Discussion in 'Suicidal Thoughts and Feelings' started by PezKraft, Oct 26, 2014.

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  1. PezKraft

    PezKraft Member

    I am the Host of a DID system. For non-DID people, I understand that it can be very difficult to wrap one's mind around DID. For the sake of communication, the best way to think of it is that I am just one person / personality, but that most of my emotions/thoughts and several of my memories are cut off from my conscious awareness most of the time. My alters are not actual separate people inside of my head, but rather they are cut-off parts of myself.


    I have several alters who are extremely suicidal, and the way it going in my therapy treatment, they are getting riled up more and more frequently. They are starting to make me very nervous. I am experiencing very dark, frantic suicidal feelings at least twice a day/night (depending on when I am actually awake), sometimes several times. These alters' influence are coming and going.

    I'm grappling with objective understanding that these are my feelings, but at the same time they feel very out of my control, the subjective experience that they are not actually my feelings.

    I guess I am just growing increasingly worried and thought I'd 'vent' about it a bit. I'm getting this passive-influence right now as a I type this.

    It's this intense feeling of hopelessness, like there is no way out of our situation but death. It's especially flustering because I am cut off from the thoughts/reasoning they have for feeling this way. All I get is the feeling itself.

    I feel hopeless, myself, because I wish I could just take meds like antipsychotics or something to make this all go away, but because it is a trauma-based disorder, not only are meds NOT a solution, but I actually have to allow these crazy suicidal feelings to surface in order to process stuff. Stuffing them down or blunting them only prolongs the issues and makes things worse.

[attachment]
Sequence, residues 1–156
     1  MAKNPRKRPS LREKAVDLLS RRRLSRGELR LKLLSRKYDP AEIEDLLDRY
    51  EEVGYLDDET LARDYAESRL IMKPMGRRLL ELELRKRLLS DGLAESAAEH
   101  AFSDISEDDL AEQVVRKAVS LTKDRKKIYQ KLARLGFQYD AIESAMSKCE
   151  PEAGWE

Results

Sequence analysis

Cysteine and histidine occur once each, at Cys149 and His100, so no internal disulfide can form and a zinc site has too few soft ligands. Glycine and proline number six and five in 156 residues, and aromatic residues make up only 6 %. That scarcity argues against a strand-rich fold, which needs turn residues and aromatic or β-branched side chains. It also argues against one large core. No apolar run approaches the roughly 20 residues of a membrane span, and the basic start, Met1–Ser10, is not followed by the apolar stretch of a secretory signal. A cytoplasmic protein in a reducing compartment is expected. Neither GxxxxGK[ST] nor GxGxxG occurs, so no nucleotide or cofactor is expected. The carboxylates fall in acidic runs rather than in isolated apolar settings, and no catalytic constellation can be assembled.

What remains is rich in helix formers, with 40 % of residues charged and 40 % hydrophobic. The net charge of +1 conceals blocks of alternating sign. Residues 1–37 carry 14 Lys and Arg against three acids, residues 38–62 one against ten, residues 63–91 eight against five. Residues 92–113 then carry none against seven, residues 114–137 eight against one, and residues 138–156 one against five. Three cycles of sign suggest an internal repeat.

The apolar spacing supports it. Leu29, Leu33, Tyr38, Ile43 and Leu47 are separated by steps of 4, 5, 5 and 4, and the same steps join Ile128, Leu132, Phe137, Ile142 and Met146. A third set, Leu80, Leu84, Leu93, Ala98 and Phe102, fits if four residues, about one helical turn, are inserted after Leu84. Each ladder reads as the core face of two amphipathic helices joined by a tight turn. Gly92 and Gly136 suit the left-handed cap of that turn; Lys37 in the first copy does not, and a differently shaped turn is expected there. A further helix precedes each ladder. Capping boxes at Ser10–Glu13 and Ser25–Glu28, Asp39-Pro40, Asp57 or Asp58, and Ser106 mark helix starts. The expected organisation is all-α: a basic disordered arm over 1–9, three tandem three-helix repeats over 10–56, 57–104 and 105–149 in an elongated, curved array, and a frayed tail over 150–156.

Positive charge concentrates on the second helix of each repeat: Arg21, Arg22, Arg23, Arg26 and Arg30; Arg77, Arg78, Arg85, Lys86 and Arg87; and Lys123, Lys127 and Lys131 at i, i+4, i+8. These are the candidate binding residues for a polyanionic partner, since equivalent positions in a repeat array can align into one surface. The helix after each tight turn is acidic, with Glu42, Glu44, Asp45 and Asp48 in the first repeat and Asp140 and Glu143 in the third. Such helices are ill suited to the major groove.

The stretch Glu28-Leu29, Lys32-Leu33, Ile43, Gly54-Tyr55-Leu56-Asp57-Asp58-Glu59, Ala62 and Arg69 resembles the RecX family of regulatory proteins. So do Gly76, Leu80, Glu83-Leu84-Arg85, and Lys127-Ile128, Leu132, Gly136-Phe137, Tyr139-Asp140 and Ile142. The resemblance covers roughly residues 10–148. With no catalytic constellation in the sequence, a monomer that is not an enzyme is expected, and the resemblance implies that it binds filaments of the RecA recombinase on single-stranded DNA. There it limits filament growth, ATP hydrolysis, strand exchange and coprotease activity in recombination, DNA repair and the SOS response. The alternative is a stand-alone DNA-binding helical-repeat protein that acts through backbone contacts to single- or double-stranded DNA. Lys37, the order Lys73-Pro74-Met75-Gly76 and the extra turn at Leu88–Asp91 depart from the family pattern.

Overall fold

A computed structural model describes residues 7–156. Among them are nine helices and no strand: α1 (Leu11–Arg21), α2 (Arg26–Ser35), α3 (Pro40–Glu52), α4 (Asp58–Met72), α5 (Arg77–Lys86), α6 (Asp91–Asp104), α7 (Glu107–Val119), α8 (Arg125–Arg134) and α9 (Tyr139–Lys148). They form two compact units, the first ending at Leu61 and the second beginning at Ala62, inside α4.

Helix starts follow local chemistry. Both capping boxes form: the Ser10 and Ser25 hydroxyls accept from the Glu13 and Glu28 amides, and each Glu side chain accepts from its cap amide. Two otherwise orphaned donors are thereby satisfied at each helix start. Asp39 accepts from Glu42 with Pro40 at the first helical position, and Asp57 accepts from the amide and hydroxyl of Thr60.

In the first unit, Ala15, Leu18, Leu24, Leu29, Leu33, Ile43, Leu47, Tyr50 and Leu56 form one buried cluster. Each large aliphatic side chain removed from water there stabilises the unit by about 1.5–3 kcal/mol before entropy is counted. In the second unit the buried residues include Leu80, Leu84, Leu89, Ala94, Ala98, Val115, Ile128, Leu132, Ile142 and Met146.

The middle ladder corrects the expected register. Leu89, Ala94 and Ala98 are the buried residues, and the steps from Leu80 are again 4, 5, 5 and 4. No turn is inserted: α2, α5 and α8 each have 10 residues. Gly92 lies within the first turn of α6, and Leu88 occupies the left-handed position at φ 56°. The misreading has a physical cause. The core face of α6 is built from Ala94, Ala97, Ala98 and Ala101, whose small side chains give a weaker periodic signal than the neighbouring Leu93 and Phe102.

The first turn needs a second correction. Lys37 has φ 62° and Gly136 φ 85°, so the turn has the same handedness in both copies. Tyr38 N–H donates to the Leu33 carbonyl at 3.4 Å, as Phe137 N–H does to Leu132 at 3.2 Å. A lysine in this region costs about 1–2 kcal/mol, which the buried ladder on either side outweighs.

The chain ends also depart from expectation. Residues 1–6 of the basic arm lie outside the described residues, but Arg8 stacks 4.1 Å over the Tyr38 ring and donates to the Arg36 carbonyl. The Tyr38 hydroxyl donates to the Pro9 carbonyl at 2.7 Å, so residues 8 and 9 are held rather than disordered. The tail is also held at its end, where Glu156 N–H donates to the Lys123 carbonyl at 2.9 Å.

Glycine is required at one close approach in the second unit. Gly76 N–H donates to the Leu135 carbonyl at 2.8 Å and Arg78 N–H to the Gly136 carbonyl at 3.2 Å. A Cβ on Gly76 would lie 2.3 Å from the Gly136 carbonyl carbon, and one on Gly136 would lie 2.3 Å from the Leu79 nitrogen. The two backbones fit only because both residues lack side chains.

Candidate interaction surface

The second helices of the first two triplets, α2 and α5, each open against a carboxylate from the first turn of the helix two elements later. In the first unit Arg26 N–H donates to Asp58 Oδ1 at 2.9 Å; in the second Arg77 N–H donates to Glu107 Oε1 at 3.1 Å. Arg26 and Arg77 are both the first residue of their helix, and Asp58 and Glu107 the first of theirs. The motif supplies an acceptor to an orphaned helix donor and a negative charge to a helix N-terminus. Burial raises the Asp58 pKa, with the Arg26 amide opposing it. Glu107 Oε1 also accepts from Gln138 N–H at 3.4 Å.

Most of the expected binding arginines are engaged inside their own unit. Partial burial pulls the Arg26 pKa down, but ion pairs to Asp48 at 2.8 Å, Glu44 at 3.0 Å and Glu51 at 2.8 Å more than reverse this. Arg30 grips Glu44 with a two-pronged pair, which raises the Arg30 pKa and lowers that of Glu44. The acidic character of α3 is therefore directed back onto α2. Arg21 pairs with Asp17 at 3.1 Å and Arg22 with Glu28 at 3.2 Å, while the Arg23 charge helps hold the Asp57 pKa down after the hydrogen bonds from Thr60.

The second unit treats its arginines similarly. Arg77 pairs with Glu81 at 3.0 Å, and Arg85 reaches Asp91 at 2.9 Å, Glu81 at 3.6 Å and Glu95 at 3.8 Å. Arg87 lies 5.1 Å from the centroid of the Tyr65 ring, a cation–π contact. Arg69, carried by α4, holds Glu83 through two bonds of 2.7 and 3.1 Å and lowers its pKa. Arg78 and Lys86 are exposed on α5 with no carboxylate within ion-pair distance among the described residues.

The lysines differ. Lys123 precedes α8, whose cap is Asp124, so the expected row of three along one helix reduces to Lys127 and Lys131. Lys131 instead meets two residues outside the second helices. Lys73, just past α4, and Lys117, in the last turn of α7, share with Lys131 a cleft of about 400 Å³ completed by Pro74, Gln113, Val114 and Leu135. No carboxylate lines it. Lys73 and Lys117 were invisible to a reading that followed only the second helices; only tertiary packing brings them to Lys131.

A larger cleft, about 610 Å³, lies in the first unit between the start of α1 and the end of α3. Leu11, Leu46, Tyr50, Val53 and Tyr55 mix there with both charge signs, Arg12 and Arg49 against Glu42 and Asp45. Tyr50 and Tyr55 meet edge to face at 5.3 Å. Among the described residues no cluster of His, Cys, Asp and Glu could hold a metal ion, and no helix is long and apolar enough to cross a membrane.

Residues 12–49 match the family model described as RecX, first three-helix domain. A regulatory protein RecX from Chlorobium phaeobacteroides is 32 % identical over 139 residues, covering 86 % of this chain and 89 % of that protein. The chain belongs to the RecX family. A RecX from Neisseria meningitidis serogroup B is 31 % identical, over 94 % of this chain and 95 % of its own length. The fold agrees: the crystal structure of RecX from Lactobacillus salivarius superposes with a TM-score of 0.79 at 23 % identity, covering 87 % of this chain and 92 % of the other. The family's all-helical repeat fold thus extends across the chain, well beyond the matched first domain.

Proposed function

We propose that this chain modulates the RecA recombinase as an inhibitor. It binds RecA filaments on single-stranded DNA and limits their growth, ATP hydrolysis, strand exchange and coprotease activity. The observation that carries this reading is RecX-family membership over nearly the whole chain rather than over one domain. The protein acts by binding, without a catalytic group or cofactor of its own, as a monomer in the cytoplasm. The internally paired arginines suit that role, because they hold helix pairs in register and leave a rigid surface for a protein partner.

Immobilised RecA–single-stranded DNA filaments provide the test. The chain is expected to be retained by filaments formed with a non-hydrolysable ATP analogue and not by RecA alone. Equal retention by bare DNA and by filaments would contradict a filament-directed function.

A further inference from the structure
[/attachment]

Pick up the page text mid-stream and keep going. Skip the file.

I know I sound really judgemental and I apologize for that, but from my perspective, I see people with bipolar or depression disorders refusing to take their meds and it chaps my buns. I only wish I could just pop a pill to stop this ####storm.

    I really don't know how to handle this process, of therapy and healing and such. I'm not supposed to repress or stuff down these feelings, but when they are riling up like this, it poses an obvious risk.

    But then at the same time, on the opposite end of the spectrum (from being judgemental), I see people here who have been struggling with suicidal feelings for months or even years, yet you all have made it this far. I feel like I can't handle letting these feelings come up for even hours at a time. I guess I don't have the same experience of flexing my will power and holding on for (literally) dear life that many of you have. It's like I'm much weaker in comparison.
  2. JmpMster

    JmpMster Have a question? Message Me Staff Member Forum Owner ADMIN

    While I am not going to try to make any gueses or suggestions about DID , and I am a big Proponent of trying medications as one method of helping to resolve a lot of different mental illnesses and conditions and believe they work in the vast majority of the time if taken correctly, I have to say your statement that " know I sound really judgemental and I apologize for that, but from my perspective, I see people with bipolar or depression disorders refusing to take their meds and it chaps my buns. I only wish I could just pop a pill to stop this ####storm." is far from a reality. Even when the meds do work, it typically takes several tries to hit upon the right combination and in no case is it like a magic pill or penicillin where you take the meds and are cured-- at best it makes things more tolerable so you can cope well enough to manage to make yourself better through lifestyle changes and making better personal choices.

    So far as how you are supposed to handle your situation, it clearly needs to be managed through a Psychiatric professional , and with DID I suspect that is very difficult to find a competent one that wants to treat. I wish you the best of luck with it and hope you find the help you need to manage your situation.
  3. PezKraft

    PezKraft Member

    Yes you are correct. I apologize for my flippant statement. I was ranting based on my own personal experiences. I tried an antipsychotic once years ago when I thought to have bipolar disorder. It resulted in me switching, and per witnesses I was happy, social, energetic, etc, but I don't remember any of it at all. I lost several months of time to an alter that seemed to respond to the Zyprexa. I should have known better though that people who actually have disorders like bipolar and depression probably don't get instant results.
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